Another good place to look is maybe this collection of essays: The New Left: The Anti-Industrial Revolution

Neil Parille said...

Skinny --

You might want to read Ayn Rand and the Mastery of Nature in the vol 2, no 1 issue of the Journal of Ayn Rand Studies.

Ellen Stuttle said...

Skinny:

The start of The Fountainhead, Roark's looking at the scene and thinking rocks to be cut, etc.

A passage in We the Living where Kira's sister, Irina (?), says admiringly of a scene that it looks almost natural and Kira says admiringly of another that it looks almost artificial.

Something she says in one of her essays about how we should gratefully kiss the grimiest smokestack in New Jersey -- sorry I'm forgetting which essay.

Details of the segment in Atlas where Dagny and Hank go on a motorcar excursion, e.g., Hank's comment about being bothered that there aren't any billboards

There's a passage in John Hospers' memoir about the difference in his and her attitudes toward nature. I'll type that in for you later.

Ellen

Ellen Stuttle said...

Neil quotes Bennet Cerf from his memoir At Random (pp. 250-51):

"Ayn Rand was a remarkable woman, but in my opinion she was not helped by her sycophants. She’s like a movie queen with her retinue, or a prize-fight champion who’s followed by a bunch of hangers-on, or a big crooner and his worshipers. They all come to need this adulation. These people tell her she’s a genius and agree with everything she says and she grows more opinionated as she goes along."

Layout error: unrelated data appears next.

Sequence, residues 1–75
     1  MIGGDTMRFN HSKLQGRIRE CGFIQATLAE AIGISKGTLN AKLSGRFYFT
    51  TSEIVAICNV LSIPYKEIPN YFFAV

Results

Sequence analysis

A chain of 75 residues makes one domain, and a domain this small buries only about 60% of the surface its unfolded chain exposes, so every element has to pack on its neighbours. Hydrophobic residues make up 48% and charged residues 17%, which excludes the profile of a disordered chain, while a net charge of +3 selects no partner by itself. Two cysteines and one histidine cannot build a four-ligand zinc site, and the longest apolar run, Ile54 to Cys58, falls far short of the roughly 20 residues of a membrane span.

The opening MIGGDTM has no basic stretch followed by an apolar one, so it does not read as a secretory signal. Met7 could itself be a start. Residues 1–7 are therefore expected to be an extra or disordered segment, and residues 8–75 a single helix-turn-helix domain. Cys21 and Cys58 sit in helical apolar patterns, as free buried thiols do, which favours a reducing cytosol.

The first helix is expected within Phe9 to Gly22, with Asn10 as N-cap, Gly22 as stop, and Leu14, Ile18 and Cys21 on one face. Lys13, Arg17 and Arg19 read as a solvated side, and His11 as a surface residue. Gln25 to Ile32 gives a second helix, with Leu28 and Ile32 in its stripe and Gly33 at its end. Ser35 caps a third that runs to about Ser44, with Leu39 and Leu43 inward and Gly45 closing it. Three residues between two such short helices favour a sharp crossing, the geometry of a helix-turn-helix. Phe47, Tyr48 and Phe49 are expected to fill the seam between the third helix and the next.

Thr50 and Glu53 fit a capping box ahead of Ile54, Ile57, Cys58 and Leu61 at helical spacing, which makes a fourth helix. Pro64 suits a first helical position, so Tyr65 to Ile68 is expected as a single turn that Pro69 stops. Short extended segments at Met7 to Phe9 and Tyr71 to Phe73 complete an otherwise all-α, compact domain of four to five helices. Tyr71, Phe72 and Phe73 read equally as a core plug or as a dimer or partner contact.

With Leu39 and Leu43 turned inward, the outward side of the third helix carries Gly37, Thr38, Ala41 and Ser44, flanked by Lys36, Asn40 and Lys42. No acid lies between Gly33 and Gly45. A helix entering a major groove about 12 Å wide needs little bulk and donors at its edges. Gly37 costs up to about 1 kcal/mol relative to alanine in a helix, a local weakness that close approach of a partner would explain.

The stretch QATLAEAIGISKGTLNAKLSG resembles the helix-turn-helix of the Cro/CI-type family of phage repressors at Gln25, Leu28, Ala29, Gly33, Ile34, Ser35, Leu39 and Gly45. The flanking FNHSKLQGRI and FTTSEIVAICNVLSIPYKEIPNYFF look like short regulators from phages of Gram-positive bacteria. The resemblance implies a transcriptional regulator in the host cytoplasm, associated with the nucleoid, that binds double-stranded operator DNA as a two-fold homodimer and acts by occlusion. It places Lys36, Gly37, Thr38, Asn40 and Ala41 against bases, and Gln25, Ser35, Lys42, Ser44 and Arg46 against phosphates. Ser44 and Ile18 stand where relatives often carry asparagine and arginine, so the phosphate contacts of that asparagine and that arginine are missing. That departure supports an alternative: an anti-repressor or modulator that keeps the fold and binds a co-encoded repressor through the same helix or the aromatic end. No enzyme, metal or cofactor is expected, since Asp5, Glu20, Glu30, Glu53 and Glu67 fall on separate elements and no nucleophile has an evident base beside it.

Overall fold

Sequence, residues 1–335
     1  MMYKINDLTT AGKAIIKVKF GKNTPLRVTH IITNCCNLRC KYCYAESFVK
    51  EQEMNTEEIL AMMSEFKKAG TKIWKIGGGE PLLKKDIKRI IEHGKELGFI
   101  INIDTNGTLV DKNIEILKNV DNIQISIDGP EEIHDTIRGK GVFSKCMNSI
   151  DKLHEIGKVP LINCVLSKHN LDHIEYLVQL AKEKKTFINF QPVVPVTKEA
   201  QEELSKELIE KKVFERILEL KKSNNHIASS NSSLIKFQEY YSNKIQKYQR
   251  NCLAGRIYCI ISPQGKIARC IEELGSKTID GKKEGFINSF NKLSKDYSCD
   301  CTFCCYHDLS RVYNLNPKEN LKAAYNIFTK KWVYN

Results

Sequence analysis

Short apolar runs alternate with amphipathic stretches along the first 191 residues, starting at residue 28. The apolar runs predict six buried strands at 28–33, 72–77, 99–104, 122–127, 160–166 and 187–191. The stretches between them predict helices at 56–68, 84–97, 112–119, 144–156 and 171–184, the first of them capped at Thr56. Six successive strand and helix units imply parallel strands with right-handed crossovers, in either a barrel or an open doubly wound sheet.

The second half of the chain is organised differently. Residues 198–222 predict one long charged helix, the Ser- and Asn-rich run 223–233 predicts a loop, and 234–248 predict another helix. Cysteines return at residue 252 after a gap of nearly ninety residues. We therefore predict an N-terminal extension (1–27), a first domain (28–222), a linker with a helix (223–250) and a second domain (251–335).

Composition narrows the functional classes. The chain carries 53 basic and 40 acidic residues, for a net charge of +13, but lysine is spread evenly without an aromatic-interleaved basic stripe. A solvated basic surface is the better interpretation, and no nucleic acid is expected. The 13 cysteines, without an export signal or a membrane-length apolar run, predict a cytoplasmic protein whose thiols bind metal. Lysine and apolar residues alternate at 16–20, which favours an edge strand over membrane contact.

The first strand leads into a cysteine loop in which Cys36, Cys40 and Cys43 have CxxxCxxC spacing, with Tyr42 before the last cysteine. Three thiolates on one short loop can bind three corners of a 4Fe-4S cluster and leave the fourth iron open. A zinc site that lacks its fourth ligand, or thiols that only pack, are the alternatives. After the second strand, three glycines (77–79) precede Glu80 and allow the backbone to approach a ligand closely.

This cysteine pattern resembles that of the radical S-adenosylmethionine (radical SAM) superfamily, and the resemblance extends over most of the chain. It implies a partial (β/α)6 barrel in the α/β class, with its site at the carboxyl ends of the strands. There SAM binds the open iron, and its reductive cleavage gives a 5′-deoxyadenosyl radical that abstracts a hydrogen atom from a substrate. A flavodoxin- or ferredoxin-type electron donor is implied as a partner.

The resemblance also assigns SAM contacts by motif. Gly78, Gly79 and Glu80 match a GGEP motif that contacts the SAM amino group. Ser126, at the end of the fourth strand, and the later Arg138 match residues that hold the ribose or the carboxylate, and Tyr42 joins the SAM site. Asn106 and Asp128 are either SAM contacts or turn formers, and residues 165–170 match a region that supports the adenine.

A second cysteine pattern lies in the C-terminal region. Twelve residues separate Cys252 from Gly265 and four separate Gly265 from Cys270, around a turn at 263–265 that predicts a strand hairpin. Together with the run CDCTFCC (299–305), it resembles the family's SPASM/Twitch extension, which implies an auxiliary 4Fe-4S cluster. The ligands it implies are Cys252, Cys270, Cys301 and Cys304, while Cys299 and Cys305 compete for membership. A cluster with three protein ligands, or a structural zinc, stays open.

With all due ex-editor's respect for wily old fox Bennet Cerf's opinions, in my opinion his description is wrong. Her circle was not like a movie queen's with her retinue, etc. Nor would I say that AR "[grew] more opinionted" as she went along. She started out thoroughly convinced of her own rectitude.

I do think that toward the end, Joan and Allan's sticking to their guns in regard to the visual arts and music was bothering Ayn and raising some doubts, which is why Ayn became so insistent in trying to convince them.

Ellen

Neil Parille said...

Ellen,

That's an interesting point. Maybe Cerf was talking about Rand's "virtual" retinue of fans and followers.